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Publication numberUS4783424 A
Publication typeGrant
Application numberUS 06/834,101
Publication dateNov 8, 1988
Filing dateFeb 21, 1986
Priority dateSep 3, 1981
Fee statusLapsed
Also published asUS4608668
Publication number06834101, 834101, US 4783424 A, US 4783424A, US-A-4783424, US4783424 A, US4783424A
InventorsJun-ichi Ohno, Satoshi Konishi
Original AssigneeTokyo Shibaura Denki Kabushiki Kaisha
Export CitationBiBTeX, EndNote, RefMan
External Links: USPTO, USPTO Assignment, Espacenet
Method of making a semiconductor device involving simultaneous connection and disconnection
US 4783424 A
Abstract
A semiconductor device comprising a first conductor having first and second portions which are electrically disconnected from each other, and a second conductor, formed on an insulating film separating it from the first conductor, which is electrically conductive. A radiated energy beam renders the second conductor non-conductive, while simultaneously electrically connecting the first and second portions, rendering the first conductor conductive, as needed.
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Claims(2)
What we claim is:
1. A method of producing a semiconductor device having first, second, third and fourth circuit means and capable of structurally switching conductivity between said first and second circuit means and between said third and fourth circuit means, comprising the steps of:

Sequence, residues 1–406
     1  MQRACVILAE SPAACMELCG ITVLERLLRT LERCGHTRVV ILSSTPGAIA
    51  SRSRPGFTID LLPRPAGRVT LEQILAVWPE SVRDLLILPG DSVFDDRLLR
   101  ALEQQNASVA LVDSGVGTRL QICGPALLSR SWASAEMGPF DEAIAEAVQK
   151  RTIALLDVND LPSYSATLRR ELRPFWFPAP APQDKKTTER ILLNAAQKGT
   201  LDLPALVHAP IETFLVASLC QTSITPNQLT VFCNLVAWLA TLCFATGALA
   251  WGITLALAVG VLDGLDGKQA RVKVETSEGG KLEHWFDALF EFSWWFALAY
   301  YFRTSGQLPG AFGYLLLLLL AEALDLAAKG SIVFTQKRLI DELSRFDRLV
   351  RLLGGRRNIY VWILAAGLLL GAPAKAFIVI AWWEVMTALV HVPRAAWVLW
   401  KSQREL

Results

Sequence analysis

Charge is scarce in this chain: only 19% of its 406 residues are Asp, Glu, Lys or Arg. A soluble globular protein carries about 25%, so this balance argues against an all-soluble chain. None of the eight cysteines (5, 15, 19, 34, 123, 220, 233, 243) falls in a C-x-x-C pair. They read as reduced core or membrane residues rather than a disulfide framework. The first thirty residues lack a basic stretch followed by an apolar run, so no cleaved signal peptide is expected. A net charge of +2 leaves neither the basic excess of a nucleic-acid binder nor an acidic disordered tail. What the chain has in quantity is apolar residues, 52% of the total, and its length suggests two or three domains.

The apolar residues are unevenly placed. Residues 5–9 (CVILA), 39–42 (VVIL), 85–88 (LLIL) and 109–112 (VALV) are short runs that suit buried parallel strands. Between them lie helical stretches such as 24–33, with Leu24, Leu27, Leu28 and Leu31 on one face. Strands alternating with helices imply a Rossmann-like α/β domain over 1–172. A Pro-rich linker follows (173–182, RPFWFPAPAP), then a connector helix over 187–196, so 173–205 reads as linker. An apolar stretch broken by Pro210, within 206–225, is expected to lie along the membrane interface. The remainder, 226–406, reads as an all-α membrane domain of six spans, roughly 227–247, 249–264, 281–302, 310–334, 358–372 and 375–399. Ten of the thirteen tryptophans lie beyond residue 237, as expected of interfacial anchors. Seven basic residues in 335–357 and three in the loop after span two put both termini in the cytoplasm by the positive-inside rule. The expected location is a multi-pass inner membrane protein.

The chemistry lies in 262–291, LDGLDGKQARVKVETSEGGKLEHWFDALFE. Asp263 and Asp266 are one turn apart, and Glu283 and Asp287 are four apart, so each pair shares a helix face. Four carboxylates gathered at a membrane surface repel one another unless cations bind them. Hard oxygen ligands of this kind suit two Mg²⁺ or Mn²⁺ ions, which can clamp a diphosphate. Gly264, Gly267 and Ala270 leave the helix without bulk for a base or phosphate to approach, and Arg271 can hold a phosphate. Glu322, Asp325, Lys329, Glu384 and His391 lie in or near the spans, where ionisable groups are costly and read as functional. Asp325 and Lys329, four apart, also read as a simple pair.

introducing an impurity for generating crystal lattice defects in a semiconductor substrate;
producing an N+-semiconductor region by doping said semiconductor substrate with an N-type impurity;
depositing a first silicon oxide film on said semiconductor substrate;
forming a polycrystalline silicon layer on said first silicon oxide film;
selectively etching said first silicon oxide film and said polycrystalline silicon layer;
forming a pair of P+-semiconductor regions having a predetermined distance therebetween which comprises a first conductor means said polycrystalline silicon layer comprising a second conductor means, said first conductor means being connected between said first and second circuit means, and said second conductor means being connected between said third and fourth circuit means;
forming a second silicon oxide film having contact holes on said semiconductor substrate, said contact holes extending to said respective P+-semiconductor regions;
depositing metal on said second silicon oxide film to form electrodes connecting to said respective P+- semiconductor regions through said contact holes; and